Elizabeth A.S. Brooke

Crafting, traveling and everything in between.


Ranch Dressing

I’ve taken to making salad dressings from scratch. Our favorites so far are honey mustard (me), blue cheese (Chris) and poppy seed (both).

I hadn’t, until recently, been able to find a ranch dressing recipe. I tasted a friend’s dressing last summer and liked it, but she used a pre-mixed spice mix from Penzey’s. Not what I was looking for, but I kept that open as an option since I was already aware of Hidden Valley’s mix and liked it. (Penzey’s is a great source for spices, by the way.)

Then in the June 9 feature section of News & Record, the newspaper I work for, I found a ranch recipe! And it is so easy! I can’t believe I couldn’t find a recipe before now.

Basically, you take whatever fresh herbs you have on hand and throw it in a bowl with buttermilk (or substitutes), mayo (or salad dressing/Miracle Whip), lemon juice, garlic, salt and pepper.

Since we’re participating in a community supported agriculture (CSA) program this year, we already have a bunch of herbs on hand. I added dill, loveage, parsley and oregano.

Here’s the recipe:

Ranch Dressing

1/2 cup buttermilk*
1/2 cup mayonnaise
2 tbsp. finely chopper mixed fresh herbs
1 tbsp. lemon juice
1 garlic clove
salt
pepper

Mix all the ingredients together and serve! That easy.

* Some buttermilk substitutes are yogurt or 1 tbsp. lemon juice with enough milk to make one cup. Let the milk mixture sit for a few minutes before using.

I used vanilla yogurt, which turned out to be too overpowering. The vanilla competes with the herbs so next time I’ll use plain yogurt or the milk/lemon juice trick.

I also never use mayonnaise since I don’t like it that much. I grew up on Miracle Whip (salad dressing) and prefer it. Plus, it’s lower in fat. 🙂

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Here are some products from Amazon:





Note: I am an Amazon Associate and select products that are related to blog posts or that I personally recommend. For this post, I do recommend Hidden Valley Ranch Dressing mix if you don’t want to make your own dressing from scratch. My grandma has used it for years and it’s delicious.

Though I haven’t tried the Williams-Sonoma cook book above, I do have the Williams-Sonoma Mexican cook book and it’s easy to use and has good recipes. So, it might be worth checking out the one above too.


Kale and potatoes

Here’s what I did with some of the kale, oregano and green onions from Groundswell Farm Friday night.

Kale and potatoes


Olive oil
sliced potatoes, about 3 medium
2 garlic cloves, minced, or comparable garlic powder
2-3 green onions, snipped
4 sprigs of oregano
1 tsp. of nutmeg
handful of kale
salt and pepper

1. Warm olive oil (maybe 2 tbsp.) a large skillet with a lid on medium-high heat. Add the sliced potatoes and cover with a lid.

2. Once the potatoes are soft, add garlic, nutmeg, oregano and green onions. Cook for a couple of minutes.

3. Add kale a little at a time until wilted. Then add salt and pepper to taste and serve.

I added the nutmeg because I’ve used it in a recipe for colcannon that used kale and it was a great complement. Use more or less if you wish.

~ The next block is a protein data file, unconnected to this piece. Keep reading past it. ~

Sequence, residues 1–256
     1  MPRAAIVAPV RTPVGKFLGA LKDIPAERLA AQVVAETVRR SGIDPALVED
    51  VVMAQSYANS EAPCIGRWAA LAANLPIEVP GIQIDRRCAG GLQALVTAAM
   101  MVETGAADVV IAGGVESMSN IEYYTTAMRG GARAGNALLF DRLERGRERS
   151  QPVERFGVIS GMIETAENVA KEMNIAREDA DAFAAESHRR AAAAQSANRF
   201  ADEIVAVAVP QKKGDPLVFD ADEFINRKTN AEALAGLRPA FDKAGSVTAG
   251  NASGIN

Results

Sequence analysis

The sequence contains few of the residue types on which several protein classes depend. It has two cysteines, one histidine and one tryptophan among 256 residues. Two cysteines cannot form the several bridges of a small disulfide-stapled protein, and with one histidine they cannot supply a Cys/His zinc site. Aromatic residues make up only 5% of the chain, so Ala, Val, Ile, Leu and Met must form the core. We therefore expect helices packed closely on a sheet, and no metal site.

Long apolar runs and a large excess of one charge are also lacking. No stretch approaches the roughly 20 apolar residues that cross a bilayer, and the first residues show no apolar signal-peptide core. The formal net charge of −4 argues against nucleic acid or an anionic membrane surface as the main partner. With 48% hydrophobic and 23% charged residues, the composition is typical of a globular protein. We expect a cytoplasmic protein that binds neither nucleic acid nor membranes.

Note: When I create dishes I rarely measure. I just go by looks and taste. Enjoy!


CSA Update — The Haul

Update 2: Sara is quick in response! I sent her an email and, in fact, what I have labeled as kale below is actually raab. The kale is in the second photo. I’ve corrected my mistakes with strikethroughs. 🙂


Update: I may have the kale and broccoli raab switched around. I’m not sure. Anyone know?

Sara already warned us that this week’s box would be small. But here’s what we got:

(Left to right) Kale Broccoli raab and oregano.
(Left to right) Green onions, lovage and broccoli raab kale.
I can’t wait to try these out. Sara, as promised, did give us some recipes to help us navigate new veggies — broccoli and broccoli rabe on bruschetta and carrot salad with parsley, lovage and mint. Two more recipes were included though we didn’t receive any of the ingredients — beets and their greens with marjoram and pine nuts and hot roasted cauliflower.
I’ll probably dry some of the oregano for future use since we already have fresh oregano of our own in our garden. It’s coming back beautifully.
If we don’t think we can eat all the kale I’ll freeze some of it.
I think we can eat all the onions, but I’m not sure what to do with the lovage. I may have to dry some of it too to make it last until I can figure out how and where to use it.


Garden bounty no more

Chris and I planted two types of tomatoes (12 plants in all), green pepper, cayenne pepper, cabbage, cantaloupe, basil and oregano in our garden this year.

Everything has been taking off and looking wonderful. There were several dozen little green tomatoes and I couldn’t wait until they ripened.

But, unfortunately, in one night deer ate every single on of the tomato plants, little tomatoes and green peppers. This was in despite of the fishing line strung with plastic bags that was supposed to scare the hoofed nuisances away from our 8′ by 8′ garden.

Man, I was looking forward to tomato sandwiches, homemade salsa and pasta sauce!

Luckily, we still have three green pepper plants we placed in pots inside. So we should still get some peppers.

For next year, Chris and I are planning fences that, hopefully, will be deer resistant. It’s gonna have to be tall enough so the deer can’t jump over it or reach over.


Although we’ve had some setbacks with the veggie garden, most of our other plants are doing fine, including this gladiola (left) and these purple cone flowers (right), shown here growing among Maximilian sunflowers.